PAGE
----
There's an article in today's New York Times which thinks it's about the broadening demographics of file traders. It's really about the general cultural acceptance of file trading. "AARP's New Hangout: Kazaa, Web's Mosh Pit" covers the fact that the AARP is now running advertising on Kazaa, the popular file trading service.
The article's approach is surprise that the AARP, which clearly has an older target audience, is advertising on Kazaa, which is typically pictured as the domain of high school and college students. It features quotes from the AARP which assert that middle aged and older adults are using the Internet for a wide variety of purposes, including file sharing, and from Kazaa, which states that there isn't any demographic information available on the users of the service.
The true significance of the advertising lies at the end of the article. After mentioning the legal actions taken against file trading software by groups like the RIAA, the article quotes Rick Bowers of the AARP, who says, "we try to be conservative, but at the same time we try to be on the cutting edge whenever possible." Perhaps I don't have a good understanding of the organization, but I would be surprised if the AARP seeks out forums it thinks are controversial.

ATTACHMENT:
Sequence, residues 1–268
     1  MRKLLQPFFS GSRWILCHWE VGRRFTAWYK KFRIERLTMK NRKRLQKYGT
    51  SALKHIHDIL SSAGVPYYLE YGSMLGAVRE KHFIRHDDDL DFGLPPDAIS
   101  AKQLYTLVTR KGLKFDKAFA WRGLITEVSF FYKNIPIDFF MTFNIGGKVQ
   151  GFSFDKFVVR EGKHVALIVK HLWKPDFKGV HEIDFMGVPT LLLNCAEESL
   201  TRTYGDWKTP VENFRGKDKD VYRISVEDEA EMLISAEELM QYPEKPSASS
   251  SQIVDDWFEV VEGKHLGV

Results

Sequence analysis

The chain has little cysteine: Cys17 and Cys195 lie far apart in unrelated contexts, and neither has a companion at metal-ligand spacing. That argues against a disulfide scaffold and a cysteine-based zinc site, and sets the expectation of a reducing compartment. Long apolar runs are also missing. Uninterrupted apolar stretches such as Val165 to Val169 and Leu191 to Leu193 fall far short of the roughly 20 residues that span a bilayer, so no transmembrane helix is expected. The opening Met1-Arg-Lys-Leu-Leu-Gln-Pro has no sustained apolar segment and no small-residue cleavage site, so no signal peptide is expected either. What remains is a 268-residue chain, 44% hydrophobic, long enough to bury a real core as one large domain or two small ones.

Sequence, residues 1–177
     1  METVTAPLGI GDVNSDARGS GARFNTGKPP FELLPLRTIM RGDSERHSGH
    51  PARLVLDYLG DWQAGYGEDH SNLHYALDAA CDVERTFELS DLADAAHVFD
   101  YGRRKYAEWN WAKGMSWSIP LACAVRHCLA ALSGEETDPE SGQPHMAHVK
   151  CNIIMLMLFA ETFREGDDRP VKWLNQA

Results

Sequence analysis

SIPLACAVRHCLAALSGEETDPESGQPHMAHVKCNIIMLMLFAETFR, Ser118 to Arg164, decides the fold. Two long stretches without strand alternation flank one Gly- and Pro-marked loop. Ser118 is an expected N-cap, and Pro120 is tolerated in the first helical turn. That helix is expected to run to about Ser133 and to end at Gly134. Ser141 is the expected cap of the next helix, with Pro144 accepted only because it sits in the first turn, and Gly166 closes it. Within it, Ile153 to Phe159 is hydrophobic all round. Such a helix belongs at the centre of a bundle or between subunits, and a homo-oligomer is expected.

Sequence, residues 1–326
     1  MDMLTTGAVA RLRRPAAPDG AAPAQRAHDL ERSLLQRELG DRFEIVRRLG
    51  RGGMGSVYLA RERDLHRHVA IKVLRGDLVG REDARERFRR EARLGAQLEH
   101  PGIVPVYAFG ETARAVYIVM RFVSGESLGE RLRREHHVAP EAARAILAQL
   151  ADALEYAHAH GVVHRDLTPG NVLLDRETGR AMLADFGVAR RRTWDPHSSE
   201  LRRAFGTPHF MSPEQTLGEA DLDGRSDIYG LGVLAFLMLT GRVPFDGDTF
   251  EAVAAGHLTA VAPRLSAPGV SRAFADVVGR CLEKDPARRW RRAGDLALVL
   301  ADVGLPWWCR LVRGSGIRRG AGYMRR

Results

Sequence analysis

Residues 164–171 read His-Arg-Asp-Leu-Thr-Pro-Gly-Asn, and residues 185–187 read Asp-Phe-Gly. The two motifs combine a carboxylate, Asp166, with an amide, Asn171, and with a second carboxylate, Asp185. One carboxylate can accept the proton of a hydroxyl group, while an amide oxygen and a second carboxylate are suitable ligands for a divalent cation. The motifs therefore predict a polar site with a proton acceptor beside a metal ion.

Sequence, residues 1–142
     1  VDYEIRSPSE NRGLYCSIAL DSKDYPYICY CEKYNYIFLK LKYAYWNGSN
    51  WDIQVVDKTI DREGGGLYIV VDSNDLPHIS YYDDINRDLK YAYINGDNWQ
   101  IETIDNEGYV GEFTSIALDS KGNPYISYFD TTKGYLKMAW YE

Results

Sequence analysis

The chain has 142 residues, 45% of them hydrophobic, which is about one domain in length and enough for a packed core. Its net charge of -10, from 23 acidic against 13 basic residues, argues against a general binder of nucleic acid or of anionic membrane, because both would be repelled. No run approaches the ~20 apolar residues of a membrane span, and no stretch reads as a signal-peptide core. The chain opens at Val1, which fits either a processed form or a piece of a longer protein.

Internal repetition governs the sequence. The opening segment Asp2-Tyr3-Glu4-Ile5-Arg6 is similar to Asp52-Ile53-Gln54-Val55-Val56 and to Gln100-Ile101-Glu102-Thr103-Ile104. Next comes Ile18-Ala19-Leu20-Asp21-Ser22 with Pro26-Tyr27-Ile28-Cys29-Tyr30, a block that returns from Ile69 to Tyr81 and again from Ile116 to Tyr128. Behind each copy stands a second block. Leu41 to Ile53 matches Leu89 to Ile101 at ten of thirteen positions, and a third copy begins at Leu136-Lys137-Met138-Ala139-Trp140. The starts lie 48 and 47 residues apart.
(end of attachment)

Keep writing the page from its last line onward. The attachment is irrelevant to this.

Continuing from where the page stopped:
There's no reason the AARP would advertise on Kazaa if it didn't believe that its members participate in and approve of file sharing. If that's true, the RIAA has a bigger ideological problem than it thinks. Opponents of file sharing tend to describe traders as college aged and without respect for the property rights of the creators and publishers. They seem to be convinced that college students need to brought in line with the common understanding of intellectual property and recognize, either voluntarily or by threat, that file sharing is wrong. If the AARP is right, the common understanding of intellectual property may be that copying is perfectly reasonable, and the RIAA may be the ones out of step with everyone else.